If the youngster has a spark of interest in MMA/BJJ I feed it and the process goes from there. I explain the benefits of keeping fit and that anyone that learns to fight properly should never feel the need to "prove themselves" unless it is in a competitive arena. They soon find that drink and drugs just don't go hand in hand with martial arts. We have loads of role models at the club that they look up to and soon the youngsters want to be competing like their peers. I don't just teach them martial arts. I also teach them the meaning of respect, hard work, conduct, manners, etc. I work on improving all aspects of their lives. I relate well with them as my background as a young lad was not too different from theirs.
Q: Why do these youngsters get into trouble in the first place?
A: A lot of the youngsters in our area end up in trouble as there is nothing for them to do and they have never had any direction in life or someone to tell them the difference between right and wrong. I am very proud of the progress these youngsters have made both on and off the mats and will defend them against anyone one who criticises them. I say to everyone that asks me about the scheme "try to imagine walking in their shoes" before they pass judgment. I judge them on their behaviour from the moment they join my club not what they did before
Q: One of your young proteges, Mark Marshman, was nominated for the prestigious 'Young Achiever Award' at the Princes Trust Awards earlier this month and on the same night Tillery Combat Academy was runner up for the Impact on the Community Award. As a coach, trainer, mentor, how did that night make you feel?
|Mark Marshman, Princes Trust Award winner|
A: It is arguably my proudest moment as a coach. To see an organisation such as the Princes Trust recocognise the benefits of a club teaching BJJ and MMA is a massive step for both sports. For Mark to win the main award of the evening brought a tear to my eye. I am so proud of how far he has come as a person since we first met. He is the first to admit he was right off the rails when I met him. Without our club he would be serving a very long prison sentence, or be dead by now.
Q: Tell me more about Tillery Combat MMA Academy - I see you offer a very wide array of martial arts - how does it work? Do members pick and choose their sport or is it all inclusive with a member being able to do all of the named disciplines?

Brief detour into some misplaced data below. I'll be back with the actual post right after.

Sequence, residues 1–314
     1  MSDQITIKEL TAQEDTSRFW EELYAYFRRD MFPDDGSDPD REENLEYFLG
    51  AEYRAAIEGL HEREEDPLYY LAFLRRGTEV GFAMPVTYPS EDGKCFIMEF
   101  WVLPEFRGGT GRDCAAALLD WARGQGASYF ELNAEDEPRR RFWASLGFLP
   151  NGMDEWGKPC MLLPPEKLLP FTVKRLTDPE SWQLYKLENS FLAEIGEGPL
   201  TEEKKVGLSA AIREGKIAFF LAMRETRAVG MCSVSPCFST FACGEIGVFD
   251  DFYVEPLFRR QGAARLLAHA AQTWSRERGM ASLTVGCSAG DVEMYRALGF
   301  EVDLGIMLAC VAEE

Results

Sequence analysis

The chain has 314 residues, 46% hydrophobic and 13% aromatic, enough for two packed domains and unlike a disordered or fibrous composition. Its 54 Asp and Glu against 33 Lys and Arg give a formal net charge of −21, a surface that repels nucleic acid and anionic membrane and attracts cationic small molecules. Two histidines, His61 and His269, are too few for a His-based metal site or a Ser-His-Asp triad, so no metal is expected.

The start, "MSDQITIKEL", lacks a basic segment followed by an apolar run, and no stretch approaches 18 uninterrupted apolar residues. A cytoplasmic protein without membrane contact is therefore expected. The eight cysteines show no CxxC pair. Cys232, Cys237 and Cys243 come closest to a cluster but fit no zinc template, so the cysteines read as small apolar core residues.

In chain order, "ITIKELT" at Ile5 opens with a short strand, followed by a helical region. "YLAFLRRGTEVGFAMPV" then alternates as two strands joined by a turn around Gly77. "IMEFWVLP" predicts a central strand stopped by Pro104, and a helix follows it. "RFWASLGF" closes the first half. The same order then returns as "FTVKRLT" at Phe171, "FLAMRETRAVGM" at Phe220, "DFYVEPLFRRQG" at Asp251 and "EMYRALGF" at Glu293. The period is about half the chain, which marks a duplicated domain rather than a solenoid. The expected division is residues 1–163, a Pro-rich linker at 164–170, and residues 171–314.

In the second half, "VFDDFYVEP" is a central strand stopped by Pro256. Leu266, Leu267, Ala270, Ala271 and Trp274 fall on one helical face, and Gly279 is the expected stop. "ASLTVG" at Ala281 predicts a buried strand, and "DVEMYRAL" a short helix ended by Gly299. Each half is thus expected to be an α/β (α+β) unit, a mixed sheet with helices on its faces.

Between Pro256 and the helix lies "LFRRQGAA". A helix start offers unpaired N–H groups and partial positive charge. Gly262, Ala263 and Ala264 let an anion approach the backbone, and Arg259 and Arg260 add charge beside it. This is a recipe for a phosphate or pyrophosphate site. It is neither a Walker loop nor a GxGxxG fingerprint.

I teach an under 16's class twice a week where we cover all the disciplines. We average 25 per class at the under 16 sessions and many of them are competing regular and winning medals on the BJJ and Grappling circuit. My son Jack recently won the British No Gi Tournament run by Braulio.
We are more like a family than a team and the spirit we have at the club is second to none. Our team spirit is what gives us our strength and I'm very proud of that.
Q: As a coach who encourages tournament participation, what's your view on martial arts as a self defence versus as a sport argument?
A: Don't get me started. lol. All the martial arts now teach techniques to suit the rule-set that the fighter is going to compete in. That is fine if the main aim of the club is sport competition. But the problem in my opinion (and it is just my opinion) is that a lot of the techniques that are encouraged would get you hurt in a real situation. One example is pulling half guard - this is great for BJJ but will get you knocked out in a violent situation. Another example is in MMA where we teach the fighter to get double underhooks to initiate a takedown but in a reality situation this leaves you in a position to have your eyes gouged. I could go on but wont. lol
In 95% of occasions a decent BJJ or MMA fighter will beat an untrained attacker but you should always be prepared for dangers that the other 5% can pose. The most important thing though about BJJ and MMA is that your technique is tested under pressure. This sets us apart from other martial arts.
If you want to grade in BJJ or Combat Jujutsu at my club you have to compete. Some people agree with this method and some don't, but I stand by it.
Q: Wow, awesome interview Shaky, let's finish by asking if there is anyone you would like to thank?
A: Dave Coles my BJJ instructor, Darrel James, Steve Jayne and Lee Stingymore who help me with the running of the classes. My students who fly the Tillery Combat Colours with great passion and desire. And my wife who puts up with me not being at home as much as I probably should be.
Q: Thanks so much mate, I can really feel the great sense of pride you have with your club, may you long continue!
A: Thanks for giving me an opportunity to talk about something that I love and is my life.
|Shaky with Dave Coles|